This post is inspired by the recent discovery of the world’s oldest public toilet in northwestern Argentina. Last week the team published their work in Nature Scientific Reports. They unearthed ~30,000 faeces ranging from 0.5-35cm in length at a density of around 94 per square metre!!
Fossilised faeces, more formally known as ‘Coprolite’ are trace fossils which contain evidence about an animal’s behaviour. First described by William Buckland in 1829 they are extremely valuable for the information they give palaeontologists about behaviour and diet of extinct organisms.
The fossils are from the Triassic, 240 million years ago and are thought to belong to the dicynodonts; mammal-like reptiles that lived from the mid-Permian to the early Cretaceous. Each coprolite is a snapshot in time and can contain extinct plants and fungi that tell us about the environment and other species around at the time.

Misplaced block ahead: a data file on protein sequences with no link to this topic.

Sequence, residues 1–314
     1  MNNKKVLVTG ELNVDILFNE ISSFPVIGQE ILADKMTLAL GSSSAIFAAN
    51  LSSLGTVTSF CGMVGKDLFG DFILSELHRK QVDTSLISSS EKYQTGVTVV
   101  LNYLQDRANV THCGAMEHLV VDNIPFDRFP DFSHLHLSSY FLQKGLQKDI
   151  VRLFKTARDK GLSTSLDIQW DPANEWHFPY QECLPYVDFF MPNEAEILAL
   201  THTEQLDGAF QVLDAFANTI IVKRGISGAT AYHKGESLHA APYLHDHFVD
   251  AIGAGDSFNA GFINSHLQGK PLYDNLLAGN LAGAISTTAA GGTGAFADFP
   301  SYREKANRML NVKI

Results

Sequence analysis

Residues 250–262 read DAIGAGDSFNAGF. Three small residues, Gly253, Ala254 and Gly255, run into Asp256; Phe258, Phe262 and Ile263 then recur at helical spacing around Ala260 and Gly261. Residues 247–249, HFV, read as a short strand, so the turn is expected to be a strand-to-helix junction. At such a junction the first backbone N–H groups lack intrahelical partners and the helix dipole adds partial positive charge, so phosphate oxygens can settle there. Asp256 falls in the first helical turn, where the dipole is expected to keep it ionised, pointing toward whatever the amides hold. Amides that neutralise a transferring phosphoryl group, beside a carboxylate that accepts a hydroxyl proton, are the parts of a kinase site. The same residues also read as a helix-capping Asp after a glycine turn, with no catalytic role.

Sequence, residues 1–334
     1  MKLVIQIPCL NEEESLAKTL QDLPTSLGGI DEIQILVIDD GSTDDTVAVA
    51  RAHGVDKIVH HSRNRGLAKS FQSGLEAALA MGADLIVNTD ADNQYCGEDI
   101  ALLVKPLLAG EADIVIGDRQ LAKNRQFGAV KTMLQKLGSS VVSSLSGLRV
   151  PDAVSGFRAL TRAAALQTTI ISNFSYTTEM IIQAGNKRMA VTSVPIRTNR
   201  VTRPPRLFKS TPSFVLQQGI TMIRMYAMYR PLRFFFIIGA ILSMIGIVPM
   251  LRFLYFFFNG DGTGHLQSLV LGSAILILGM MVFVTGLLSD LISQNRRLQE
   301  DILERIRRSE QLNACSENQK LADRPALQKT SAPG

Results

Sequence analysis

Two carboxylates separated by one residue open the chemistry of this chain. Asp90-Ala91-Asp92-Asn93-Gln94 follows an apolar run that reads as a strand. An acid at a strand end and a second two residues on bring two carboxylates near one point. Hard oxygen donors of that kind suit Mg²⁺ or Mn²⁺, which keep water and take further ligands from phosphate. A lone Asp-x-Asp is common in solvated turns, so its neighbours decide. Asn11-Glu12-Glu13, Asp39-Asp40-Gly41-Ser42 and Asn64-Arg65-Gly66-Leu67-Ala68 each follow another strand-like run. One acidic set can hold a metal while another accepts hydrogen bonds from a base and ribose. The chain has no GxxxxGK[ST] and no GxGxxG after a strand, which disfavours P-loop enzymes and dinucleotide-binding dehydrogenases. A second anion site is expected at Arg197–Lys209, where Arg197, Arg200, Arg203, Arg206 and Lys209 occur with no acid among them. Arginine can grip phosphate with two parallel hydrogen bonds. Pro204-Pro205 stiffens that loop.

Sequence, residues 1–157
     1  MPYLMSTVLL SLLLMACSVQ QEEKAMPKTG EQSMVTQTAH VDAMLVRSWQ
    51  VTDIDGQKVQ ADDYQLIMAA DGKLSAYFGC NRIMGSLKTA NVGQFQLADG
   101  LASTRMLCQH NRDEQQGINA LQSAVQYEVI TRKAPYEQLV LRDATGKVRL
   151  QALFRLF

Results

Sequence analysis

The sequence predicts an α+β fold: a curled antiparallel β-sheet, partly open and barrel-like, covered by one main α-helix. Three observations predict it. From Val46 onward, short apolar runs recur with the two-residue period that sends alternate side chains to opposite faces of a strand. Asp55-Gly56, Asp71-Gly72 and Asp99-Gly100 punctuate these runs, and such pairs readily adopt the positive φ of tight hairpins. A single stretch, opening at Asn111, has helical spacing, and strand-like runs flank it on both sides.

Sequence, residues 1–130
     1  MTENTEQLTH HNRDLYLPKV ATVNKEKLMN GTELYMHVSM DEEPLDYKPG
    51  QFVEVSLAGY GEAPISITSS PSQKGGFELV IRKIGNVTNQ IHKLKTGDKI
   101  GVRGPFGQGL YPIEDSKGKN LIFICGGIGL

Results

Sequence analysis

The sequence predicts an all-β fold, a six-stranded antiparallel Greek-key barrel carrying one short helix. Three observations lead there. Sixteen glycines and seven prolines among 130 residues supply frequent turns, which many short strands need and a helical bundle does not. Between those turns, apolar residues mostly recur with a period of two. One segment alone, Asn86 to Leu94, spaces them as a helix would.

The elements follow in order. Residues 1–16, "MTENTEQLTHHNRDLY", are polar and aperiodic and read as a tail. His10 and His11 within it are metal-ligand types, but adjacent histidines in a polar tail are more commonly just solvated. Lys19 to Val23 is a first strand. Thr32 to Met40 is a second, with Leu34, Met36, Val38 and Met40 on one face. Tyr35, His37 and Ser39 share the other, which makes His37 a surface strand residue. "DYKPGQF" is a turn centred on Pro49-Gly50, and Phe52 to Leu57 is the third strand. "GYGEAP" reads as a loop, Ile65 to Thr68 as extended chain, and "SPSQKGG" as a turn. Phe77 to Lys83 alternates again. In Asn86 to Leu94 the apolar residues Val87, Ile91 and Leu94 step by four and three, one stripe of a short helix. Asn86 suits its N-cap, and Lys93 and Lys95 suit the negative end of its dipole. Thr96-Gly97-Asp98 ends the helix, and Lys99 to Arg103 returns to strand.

This is the oldest non-mammal megaherbivore communal defecation site ever found. It’s known that many mammals such as elephants and horses defecate in locations that are socially agreed in order to mark territory amongst other reasons, but I think it’s fair to say their efforts are frankly poor when compared to enormous mass of dung amassed in this latest discovery!
Shame they’re not around to clean up after themselves…